How is any component of that sentence a buzzword?

      He uses "remix" literally, so that's out.

      "The digital" is the domain that encompasses digitally-stored data.

      Art and sociology theorists consider true "digital" storage to be random-access, which is a caveat that purely technical people disagree with, but it's as pointless now as the hacker/"cracker" debate, because it's been entrenched for many years.

      What he's saying is that as soon as you have random-access, perfectly-reproducible, easily-accessible storage, people are going to use it to make collages (of which "remixes" are the most popular subset today).

      Furthermore, those collages represent a kind of "collective consciousness" because all of us in Western society grew up exposed to some or all of the components of that collage, and since our memories are based on associations, collage is a powerful tool for an artist to use.

      This is basic modern art theory that was covered in a first-year course required for all students at the university I went to. Of course, >= 95% of the class ignored it or didn't care to remember, but whatever.

      Gibson is a really, really smart guy. He's seen a lot of large-scale things in his life, and he has a good grasp on human nature and culture. It's easy to dismiss him as flakey because he writes and talks like an artist instead of a scientist, but that would be a mistake.
  • by paiute ( 550198 ) on Thursday July 07, 2005 @01:22PM (#13005232)
    I'm pretty sure his enthusiasm for the mix culture will wane the first time his new novel gets remixed and redistributed.

    • Re:Great, until... (Score:2, Informative)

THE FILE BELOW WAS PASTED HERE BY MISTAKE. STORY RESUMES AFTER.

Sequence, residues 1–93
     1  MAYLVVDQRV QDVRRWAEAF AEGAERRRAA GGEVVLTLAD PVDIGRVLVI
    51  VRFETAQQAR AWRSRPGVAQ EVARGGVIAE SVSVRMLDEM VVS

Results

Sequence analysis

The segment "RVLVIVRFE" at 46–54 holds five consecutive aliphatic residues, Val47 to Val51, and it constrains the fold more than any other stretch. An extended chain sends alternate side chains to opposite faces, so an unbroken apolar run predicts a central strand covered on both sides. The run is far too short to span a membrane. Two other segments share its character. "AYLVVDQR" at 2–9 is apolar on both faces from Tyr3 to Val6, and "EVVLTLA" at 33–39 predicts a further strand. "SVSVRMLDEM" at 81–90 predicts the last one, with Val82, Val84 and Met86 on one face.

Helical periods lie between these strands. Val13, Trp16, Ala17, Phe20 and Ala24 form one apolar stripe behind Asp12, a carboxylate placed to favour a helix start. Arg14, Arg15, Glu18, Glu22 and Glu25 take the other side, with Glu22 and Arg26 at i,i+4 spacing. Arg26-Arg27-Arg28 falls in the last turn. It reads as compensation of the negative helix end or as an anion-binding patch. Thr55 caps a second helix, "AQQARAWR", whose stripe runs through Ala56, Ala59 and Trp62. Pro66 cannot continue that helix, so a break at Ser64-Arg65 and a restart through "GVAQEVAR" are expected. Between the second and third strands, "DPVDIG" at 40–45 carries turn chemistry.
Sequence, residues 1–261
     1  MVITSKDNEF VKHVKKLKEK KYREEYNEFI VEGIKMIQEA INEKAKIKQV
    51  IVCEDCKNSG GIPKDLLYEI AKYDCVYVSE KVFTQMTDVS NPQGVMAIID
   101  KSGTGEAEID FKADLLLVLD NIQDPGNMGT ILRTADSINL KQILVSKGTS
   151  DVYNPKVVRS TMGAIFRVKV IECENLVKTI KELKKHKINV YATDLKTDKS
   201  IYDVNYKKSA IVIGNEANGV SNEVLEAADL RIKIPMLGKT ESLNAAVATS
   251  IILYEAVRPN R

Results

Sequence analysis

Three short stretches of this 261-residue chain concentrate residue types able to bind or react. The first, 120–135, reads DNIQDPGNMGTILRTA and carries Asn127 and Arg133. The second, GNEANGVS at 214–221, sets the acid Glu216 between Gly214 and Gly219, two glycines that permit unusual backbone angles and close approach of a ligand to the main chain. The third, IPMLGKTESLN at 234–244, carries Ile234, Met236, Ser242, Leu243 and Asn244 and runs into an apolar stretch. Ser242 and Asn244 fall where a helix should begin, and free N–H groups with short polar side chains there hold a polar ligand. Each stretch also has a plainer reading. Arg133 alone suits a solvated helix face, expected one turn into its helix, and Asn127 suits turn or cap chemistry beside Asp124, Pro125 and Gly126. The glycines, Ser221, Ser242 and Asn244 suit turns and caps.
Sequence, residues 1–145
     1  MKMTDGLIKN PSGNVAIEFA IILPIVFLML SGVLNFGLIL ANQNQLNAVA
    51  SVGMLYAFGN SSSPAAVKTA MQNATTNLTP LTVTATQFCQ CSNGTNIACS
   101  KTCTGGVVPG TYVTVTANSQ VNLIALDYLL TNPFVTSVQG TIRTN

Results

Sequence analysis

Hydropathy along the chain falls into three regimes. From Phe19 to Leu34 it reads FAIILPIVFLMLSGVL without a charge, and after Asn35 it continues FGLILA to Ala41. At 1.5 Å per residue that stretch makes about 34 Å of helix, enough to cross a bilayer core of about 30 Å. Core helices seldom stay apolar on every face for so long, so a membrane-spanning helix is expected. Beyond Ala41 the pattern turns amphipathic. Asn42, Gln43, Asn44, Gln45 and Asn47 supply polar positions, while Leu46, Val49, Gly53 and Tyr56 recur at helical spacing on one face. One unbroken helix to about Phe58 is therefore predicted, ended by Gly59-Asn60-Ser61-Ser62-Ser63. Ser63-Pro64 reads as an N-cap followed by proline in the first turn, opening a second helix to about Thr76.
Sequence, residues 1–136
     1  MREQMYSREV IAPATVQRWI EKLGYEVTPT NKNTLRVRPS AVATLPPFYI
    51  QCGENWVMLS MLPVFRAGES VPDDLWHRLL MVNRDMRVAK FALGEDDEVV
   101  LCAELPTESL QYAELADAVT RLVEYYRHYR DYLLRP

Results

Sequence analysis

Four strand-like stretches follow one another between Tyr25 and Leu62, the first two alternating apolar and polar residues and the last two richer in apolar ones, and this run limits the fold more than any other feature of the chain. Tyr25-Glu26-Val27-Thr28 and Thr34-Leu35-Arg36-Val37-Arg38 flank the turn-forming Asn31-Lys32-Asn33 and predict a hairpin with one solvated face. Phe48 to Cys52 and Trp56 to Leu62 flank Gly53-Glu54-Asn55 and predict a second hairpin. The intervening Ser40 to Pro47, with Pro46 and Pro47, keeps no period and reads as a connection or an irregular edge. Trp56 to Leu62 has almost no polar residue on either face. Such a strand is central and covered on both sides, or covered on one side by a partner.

by Anonymous Coward
      I'm not so sure of that. He wrote an electronic poem that was setup to only be read once. It was sorta an experiment. Of course, it was cracked and the text was distributed. He didn't complain.
    • Re:Great, until... (Score:2, Insightful)

      by killtherat ( 177924 )
      Well considering most cyberpunk/cyberscifi is based on stories he wrote back in the 80s, I'd say he already knows alot about the subject. Watch the matrix, and you'll see some heavy shades of 'Neuromancer' in there. In fact, one of the reasons I heard for people not making a Neuromancer film is because they are afraid people would think it's coping the Matrix, and not the other way around.
    • Re:Great, until... (Score:3, Interesting)

      by doombob ( 717921 )
      That's a great idea! Instead of creating "mix tapes" we can literally cut and paste novels to make them flow with the smooth beat of the techno drum! Imaging the beginning of Snow Crash [] with the middle of Altered Carbon [] then ending of Neuromancer [] sprinkled with bits of The Golden Age []